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Friday, 15 August 2014

Important reasons to consider using a synthetic gear oil.

The most important reasons to consider synthetic gear oil.

Because of the extreme conditions under which a transmission operates it’s worthwhile to consider using synthetic gear oil to extend oil change intervals and reduce costs.

From high-speed gearing in turbomachinery to slow-turning gear reducers, gear lubricant selection, application and condition are the single-largest contributors to reliability and longevity of gearboxes. With this as background it then
makes sense to consider using synthetic gear oil to protect your expensive equipment.

Avantages when you consider using synthetic gear oil.

Synthetic gear oils offer some very real advantages. For example, in extremely low temperatures, a synthetic gear oil will have a much lower viscosity than the equivalent grade of mineral oil. This can be an advantage during cold temperature start-up when temporary oil starvation can cause excessive wear, particularly in splash-lubricated gear drives.

Often companies consider using synthetic gear oil at higher operating temperatures caused by high ambient temperatures or the process itself, because synthetic gear oils have a higher viscosity than the equivalent grade of mineral oil.

Synthetic gear oil is not only more stable across a wide range of operating temperatures - A rule of thumb is that regular mineral oil is fine up to about 160 degrees Fahrenheit, but synthetics are clearly better above about 180 Fahrenheit. Of course, there are other reasons, such as for extended oil drain or other operational reasons.

When you consider using synthetic gear oil, pay close attention to the type of synthetic in use. Many synthetic gear oils are made from polyalphaolefin (PAO) basestocks, which are compatible with conventional mineral oils. However, increasingly polyglycol gear oils are being used, which have excellent lubricity while helping to keep the gearbox clean of deposits due to their natural detergency and “clean-burning” tendency. In fact, some gear manufacturers are factory-filling their boxes with polyglycol-based oils.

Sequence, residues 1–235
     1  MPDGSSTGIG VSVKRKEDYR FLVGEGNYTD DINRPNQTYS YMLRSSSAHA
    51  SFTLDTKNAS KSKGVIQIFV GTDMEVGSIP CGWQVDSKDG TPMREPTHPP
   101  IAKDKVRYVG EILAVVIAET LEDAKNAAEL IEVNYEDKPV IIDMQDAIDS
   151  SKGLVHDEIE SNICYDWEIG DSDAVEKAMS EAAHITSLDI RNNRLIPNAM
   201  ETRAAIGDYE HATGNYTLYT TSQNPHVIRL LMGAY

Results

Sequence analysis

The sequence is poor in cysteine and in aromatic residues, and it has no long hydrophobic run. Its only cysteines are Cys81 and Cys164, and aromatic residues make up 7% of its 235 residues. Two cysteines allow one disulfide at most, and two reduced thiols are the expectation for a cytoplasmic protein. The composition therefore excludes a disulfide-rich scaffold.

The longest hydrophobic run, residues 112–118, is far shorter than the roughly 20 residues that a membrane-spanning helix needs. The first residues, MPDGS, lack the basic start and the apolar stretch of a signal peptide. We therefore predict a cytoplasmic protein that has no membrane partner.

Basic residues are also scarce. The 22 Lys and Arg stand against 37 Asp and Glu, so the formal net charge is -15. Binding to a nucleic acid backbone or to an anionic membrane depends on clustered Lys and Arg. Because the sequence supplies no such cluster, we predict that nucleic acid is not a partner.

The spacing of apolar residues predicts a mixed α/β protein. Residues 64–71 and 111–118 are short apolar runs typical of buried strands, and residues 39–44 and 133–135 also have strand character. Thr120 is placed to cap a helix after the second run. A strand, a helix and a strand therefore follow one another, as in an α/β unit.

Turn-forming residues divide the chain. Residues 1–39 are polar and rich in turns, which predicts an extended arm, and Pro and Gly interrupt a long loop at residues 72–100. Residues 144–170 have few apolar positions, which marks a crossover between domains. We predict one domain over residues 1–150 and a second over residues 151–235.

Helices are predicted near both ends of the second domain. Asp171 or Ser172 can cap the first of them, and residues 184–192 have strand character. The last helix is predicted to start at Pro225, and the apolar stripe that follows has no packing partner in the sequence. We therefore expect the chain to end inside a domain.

However, Polyglycols are incompatible with hydrocarbon basestocks (mineral or PAO synthetic), thus requiring extreme caution to prevent accidental mixing and cross-contamination. When switching from a hydrocarbon oil to a polyglcol, the transmission needs thorough cleaning and flushing to prevent hydrocarbon residues from reacting with the polyglycol gear oil.

Viscosity is important when you consider using synthetic gear oil.

When you consider using synthetic gear oil instead of mineral gear oil, it’s not uncommon to drop down one ISO grade. The reason for this is the fact that synthetic oils typically have higher viscosity indexes than mineral oils. As a result, when you compare the viscosity of, for instance, a ISO VG 680 mineral oil to that of a ISO VG 460 synthetic oil, they will have very similar viscosities at 160 F. Before applying this rule, it’s important to plot the viscosity-temperature profile of each oil and consider the anticipated operating temperature along with high and low ambient temperatures to insure you select the correct grade for the specific application.

Armed with this information you are in a good position to consider using synthetic gear oil to save energy and maintenance costs. However be careful when you consider using synthetic gear oil that you choose a product from a quality manufacturer such as Habot Synthetic Lubricants that are specialists in high quality synthetic gear lubricants.